Ultimately how you manage your money will be the defining factor in your success in life. It is all about habits, and good ones will allow you to accomplish all you want out of life. What are some good money management habits?
- Stick to the budget you set out for yourself
- If you don’t have the money, don’t buy it
- Never impulse buy when you go shopping
- Work hard to build up savings
- Understand how interest can work for you, and against you
You see credit and debt have become a way of life. This doesn’t have to be the case for the next generation. I have heard that a line of credit or a credit card can be an emergency fund. Our youth needs to understand how wrong that is. Having credit as an emergency fund is essentially poor money management. We should use savings for emergencies and not credit. We also should understand what an emergency is. It isn’t a sale on designer shoes. They need to know that too.
Planning for the future (Investing)
I have saved the best for last. Planning for the future is the gravy on your potatoes. The icing on the cake. The cheese on your burger. All this budgeting and saving isn’t that fun. Well to me it is, but I’m special that way. For most people it does not feel as fun as spending all our money. While a fancy new Coach Bag is nice, buying a new home or car is a lot nicer. This isn’t lost on our youth as a whopping 61% stated that they wanted to learn ways to plan and invest for the future.
A sharp distinction needs to be made with interest earned and interest paid. When you pay interest, having debts like a credit card, you make other people rich. When you earn interest, saving and investing for the future, you make yourself rich. Think of my dad giving me an extra pork chop instead of taking mine away.
With young adults, a simple savings account can get them rolling. When they hit 18, a Tax-Free Savings Account is a must have. From there they can learn about financial markets and how stocks and bonds work. The most important discussion to have, however, is about goals. Having goals, it what makes life worthwhile. It’s what keeps us dedicated to our future and our budgets. If I told you skipping a night out with friends would give you a nice vacation at the end of the year, I’m pretty sure I know what you would choose. While it may not seem that simple, it really is. Make a point to teach your children how important having goals are and that their goals and money need to align. Remember that a goal without a plan is just a dream.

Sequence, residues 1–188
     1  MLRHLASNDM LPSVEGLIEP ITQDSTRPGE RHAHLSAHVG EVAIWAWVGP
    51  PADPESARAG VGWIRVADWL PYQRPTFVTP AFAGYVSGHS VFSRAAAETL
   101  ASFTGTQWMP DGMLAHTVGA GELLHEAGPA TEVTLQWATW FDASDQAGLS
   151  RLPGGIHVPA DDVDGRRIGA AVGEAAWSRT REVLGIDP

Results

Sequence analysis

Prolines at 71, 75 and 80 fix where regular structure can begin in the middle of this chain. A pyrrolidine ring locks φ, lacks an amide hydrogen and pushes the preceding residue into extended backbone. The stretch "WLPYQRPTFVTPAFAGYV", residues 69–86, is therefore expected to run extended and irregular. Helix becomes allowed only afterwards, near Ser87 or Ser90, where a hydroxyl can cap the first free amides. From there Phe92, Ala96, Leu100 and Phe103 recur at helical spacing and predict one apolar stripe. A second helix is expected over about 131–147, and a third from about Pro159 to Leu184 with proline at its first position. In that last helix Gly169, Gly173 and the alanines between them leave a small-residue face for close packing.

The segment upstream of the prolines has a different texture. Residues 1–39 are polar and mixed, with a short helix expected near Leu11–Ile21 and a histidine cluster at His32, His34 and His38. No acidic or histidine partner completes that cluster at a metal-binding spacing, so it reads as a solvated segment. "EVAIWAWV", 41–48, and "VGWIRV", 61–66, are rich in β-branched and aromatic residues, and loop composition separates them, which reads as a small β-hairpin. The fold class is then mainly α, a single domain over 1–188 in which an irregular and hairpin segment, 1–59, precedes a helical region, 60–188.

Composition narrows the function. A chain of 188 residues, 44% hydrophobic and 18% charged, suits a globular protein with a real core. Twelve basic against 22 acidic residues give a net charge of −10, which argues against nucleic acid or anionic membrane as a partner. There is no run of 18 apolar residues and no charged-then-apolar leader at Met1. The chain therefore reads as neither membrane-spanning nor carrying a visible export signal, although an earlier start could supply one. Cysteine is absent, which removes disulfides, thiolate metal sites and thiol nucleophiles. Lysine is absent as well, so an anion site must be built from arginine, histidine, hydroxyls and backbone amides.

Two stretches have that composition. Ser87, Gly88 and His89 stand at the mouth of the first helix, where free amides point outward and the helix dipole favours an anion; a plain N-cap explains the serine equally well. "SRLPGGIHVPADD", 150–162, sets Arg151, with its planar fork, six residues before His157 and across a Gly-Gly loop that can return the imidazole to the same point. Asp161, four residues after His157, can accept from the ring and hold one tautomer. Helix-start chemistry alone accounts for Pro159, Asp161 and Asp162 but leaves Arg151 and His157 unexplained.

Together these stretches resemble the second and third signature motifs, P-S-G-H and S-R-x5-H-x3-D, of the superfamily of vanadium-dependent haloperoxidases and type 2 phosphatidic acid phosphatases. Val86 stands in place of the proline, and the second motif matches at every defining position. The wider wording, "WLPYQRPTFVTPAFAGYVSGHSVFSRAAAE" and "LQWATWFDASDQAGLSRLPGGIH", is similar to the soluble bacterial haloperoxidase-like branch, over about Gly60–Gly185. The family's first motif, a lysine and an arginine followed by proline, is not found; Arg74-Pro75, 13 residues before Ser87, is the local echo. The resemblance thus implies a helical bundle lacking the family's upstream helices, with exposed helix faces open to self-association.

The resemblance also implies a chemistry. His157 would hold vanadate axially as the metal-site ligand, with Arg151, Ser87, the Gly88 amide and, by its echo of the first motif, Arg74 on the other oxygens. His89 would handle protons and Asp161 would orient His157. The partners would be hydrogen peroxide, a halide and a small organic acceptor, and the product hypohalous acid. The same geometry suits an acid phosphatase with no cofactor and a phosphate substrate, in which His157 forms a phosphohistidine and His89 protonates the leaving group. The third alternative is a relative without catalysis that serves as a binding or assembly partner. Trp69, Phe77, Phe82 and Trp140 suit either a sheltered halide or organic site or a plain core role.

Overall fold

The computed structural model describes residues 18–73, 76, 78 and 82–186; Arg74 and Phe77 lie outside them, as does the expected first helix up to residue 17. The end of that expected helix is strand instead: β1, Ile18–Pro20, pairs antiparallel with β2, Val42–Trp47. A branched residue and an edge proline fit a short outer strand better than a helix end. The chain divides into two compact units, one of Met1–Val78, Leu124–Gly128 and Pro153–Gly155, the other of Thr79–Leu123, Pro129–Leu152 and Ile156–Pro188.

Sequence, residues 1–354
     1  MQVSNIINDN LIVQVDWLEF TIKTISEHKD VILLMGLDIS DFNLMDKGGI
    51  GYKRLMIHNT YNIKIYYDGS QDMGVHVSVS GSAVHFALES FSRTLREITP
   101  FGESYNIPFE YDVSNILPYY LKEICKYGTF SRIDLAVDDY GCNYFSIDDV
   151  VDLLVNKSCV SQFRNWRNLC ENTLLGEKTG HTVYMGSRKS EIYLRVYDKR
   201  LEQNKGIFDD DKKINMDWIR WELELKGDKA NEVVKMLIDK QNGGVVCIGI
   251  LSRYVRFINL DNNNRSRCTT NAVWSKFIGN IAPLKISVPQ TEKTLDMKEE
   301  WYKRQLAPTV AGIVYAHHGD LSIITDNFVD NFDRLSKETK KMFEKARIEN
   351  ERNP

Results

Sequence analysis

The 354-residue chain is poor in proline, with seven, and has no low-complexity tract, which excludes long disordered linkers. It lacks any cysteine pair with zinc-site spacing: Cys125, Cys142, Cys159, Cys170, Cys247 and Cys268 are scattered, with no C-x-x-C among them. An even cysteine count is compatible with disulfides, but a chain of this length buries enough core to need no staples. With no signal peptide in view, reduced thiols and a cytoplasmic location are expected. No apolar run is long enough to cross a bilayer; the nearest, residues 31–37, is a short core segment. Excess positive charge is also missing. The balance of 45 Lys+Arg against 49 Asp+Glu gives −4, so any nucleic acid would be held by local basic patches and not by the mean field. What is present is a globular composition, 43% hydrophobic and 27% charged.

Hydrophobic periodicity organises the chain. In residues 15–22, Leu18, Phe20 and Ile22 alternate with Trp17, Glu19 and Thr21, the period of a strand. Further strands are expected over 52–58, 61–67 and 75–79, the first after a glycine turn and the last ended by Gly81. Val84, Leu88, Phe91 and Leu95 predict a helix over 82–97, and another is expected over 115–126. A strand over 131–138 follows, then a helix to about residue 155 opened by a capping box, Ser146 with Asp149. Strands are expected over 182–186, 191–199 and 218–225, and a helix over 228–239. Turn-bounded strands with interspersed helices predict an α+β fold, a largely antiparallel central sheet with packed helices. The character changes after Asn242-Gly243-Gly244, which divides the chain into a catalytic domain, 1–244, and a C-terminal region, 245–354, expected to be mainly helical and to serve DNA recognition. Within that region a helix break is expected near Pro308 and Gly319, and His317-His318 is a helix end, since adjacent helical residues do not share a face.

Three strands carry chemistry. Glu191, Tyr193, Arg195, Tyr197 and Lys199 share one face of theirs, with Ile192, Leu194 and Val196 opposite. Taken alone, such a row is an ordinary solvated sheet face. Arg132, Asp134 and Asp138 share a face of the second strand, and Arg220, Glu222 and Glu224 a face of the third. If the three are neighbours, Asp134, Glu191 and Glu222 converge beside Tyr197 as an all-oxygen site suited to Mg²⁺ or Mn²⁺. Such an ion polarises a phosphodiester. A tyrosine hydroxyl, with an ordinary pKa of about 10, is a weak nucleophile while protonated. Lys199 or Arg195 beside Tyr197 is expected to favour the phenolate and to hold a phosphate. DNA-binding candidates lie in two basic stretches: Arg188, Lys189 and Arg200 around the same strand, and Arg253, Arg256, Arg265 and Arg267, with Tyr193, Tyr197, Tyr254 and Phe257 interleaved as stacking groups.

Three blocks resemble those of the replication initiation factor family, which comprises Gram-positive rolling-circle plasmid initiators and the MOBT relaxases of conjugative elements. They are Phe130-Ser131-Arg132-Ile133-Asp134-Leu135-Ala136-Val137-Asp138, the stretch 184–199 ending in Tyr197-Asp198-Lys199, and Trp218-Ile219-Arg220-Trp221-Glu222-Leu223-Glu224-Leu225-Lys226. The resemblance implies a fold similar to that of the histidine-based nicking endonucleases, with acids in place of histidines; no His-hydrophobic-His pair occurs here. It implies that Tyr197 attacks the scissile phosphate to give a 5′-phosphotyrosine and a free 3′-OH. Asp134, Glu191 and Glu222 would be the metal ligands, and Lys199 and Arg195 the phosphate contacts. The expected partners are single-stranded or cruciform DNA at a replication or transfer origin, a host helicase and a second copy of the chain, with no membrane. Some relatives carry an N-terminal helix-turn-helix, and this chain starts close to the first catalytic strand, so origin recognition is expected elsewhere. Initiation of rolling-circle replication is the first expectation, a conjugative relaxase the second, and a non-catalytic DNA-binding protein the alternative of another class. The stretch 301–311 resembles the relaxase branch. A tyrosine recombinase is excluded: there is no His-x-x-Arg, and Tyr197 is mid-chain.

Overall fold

I think it is extremely important for the next generation to be financially fit. It will make our society better overall and anyone that doesn’t have to go through what I went through is all the better for it. The key is that they need to know that budgeting doesn’t have to be boring and money doesn’t have to be scary. That’s where financial literacy comes into play. The more we all know, the better off we will be.
Check out this cool financial literacy game for young adults. I got one wrong, I am pretty upset about it!
“Teachers are our greatest public servants; they spend their lives educating our young people and shaping our Nation for tomorrow”. – Solomon Ortiz
Email – firstname.lastname@example.org